I felt most successful as a teacher when I made time, first thing, to check in with each and every child, each and every day. I would say, "Tell me something you've done lately." or "Tell me something I don't know about you." or I would just let them bubble over with whatever they were fizzling to tell me. I really felt I knew my kids and therefore taught them better for it. Conferences were easier because the parents and I could laugh and share their children.
Isn't that what we all hope for when we send our children off to school? We want our children to be noticed and loved for who they are, and who we parents created. Creation via a child is a powerful (or at least time consuming :) form of self expression. Probably the most painful as well, because our children are us, and our children are not us, all at once.
What I didn't know while reading that letter as a twenty something first year teacher was that when I feel my child has been rejected or is not being seen for his true and beautiful self, to say it hurts doesn't even scratch the surface. I've had to grow a thick skin as the mom of a child with an invisible disability. People in general have a hard time believing what they can't see. So, to explain what they don't really understand, they make up stories like the Greeks, and Romans and many other cultures between now and then.
One popular tale is "I see that child misbehaving. That parent is doing a lousy job. She needs to discipline that kid the way my parents did it." The story is based in fear of the unknown I think (The idea that a child that might not succeed with the usual parenting techniques or the one's we're most familiar with may seem scary to some), and (the story) is meant to create a feeling of safety (this couldn't happen to me) for those telling the story. They also distance themselves by giving our kids worrisom names or labels; naughty, manipulative, busy body, bully or more serious; Attention Deficit Disorder, Autism, Asperger Syndrome, Oppositional Defiant Disorder, Obsessive Compulsive Disorder, Child Onset Bi Polar Disorder, or Tourret's Syndrome. . . and They see our children as monsters through their fear.
The lucky ones (parents, teachers, relatives, friends), those not blinded by fear, see our children as the magical creatures that they are. Our children are truly Magical creatures with special powers to ignite ideas into being, to illuminate the darkness with their smile, poetry, music or art as they dance through life to an unfamiliar beat. The lucky ones hear our child's voice as a song on the sea breeze gentle and steady and meant to be.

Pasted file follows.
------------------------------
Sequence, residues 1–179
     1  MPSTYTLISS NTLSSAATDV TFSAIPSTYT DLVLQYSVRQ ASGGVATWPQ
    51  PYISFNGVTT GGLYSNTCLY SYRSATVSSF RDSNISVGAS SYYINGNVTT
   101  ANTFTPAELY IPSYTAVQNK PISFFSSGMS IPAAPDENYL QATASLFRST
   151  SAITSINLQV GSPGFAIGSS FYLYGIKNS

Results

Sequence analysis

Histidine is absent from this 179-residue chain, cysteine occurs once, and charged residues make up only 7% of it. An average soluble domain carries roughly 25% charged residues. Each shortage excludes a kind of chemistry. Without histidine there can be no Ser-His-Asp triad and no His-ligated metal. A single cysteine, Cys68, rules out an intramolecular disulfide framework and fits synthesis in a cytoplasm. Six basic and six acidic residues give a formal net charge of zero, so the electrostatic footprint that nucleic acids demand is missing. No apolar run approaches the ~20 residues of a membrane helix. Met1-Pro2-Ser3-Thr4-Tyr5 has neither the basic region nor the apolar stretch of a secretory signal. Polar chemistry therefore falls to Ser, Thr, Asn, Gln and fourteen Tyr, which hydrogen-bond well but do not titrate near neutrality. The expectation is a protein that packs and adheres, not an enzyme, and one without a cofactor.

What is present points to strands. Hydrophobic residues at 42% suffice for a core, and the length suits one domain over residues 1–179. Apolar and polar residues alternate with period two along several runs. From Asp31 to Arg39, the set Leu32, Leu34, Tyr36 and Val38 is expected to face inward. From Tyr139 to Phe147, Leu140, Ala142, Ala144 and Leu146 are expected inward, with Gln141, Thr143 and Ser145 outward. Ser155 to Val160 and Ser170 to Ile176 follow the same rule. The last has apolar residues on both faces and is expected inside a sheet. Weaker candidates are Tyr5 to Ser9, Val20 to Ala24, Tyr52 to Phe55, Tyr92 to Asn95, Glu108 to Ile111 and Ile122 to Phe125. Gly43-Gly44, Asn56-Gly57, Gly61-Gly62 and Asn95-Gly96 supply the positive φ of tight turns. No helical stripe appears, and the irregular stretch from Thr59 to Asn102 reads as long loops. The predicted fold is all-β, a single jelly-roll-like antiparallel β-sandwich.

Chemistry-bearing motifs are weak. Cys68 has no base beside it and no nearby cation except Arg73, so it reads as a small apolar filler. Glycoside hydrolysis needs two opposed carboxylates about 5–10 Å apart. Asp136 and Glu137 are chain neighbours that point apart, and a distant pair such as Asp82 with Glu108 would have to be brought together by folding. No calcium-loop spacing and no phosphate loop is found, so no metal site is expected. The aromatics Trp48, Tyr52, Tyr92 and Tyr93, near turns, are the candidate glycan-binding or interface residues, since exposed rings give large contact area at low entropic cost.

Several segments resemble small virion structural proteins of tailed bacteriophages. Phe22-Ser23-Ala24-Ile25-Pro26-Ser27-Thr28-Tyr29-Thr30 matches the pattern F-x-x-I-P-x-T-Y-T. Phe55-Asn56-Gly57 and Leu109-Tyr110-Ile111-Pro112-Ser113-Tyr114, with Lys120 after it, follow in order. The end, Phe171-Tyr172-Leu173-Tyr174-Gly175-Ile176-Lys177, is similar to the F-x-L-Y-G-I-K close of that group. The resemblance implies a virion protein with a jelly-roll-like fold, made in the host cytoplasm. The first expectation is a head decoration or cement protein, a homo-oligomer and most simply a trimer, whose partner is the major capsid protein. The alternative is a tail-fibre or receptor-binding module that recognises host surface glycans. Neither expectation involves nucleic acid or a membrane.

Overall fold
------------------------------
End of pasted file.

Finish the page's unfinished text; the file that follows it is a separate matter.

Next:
As a Mom and teacher, I feel the need to extinguish the power of the bad stories and names and the fear. In order to do this, I accept the sage advice of wise philosophers. I love what is, and accept the truth. So when the storytellers say "He is oppositional, defiant, or seeking attention.", I say "Yes. He is!" He is defiantly opposing being placed in a box built by a stranger . . .built, for some other child. He demands for people to pay attention to who he truly is. He is loving and loved, creative and evolving, strong and fragile, and. . .human. As a parent I love him, nurture him, teach him and advocate for him. As a teacher I love those like him (and all the others too), I nurture them, teach them and advocate for them.
I wonder what it would be like to be one of those families, like on facebook . . . , that land of happy faces vacationing and frolicking joyously together. . . I am guilty of posting those happy faced pictures too, really, but sometimes I am tempted to take a photo of the kids in the car when 12-18 inches of self space clearly becomes "not enough space", or a selfie of me when my tolerance even for "happy noises" becomes rashly depleted. Take our recent trip to The Cape. . .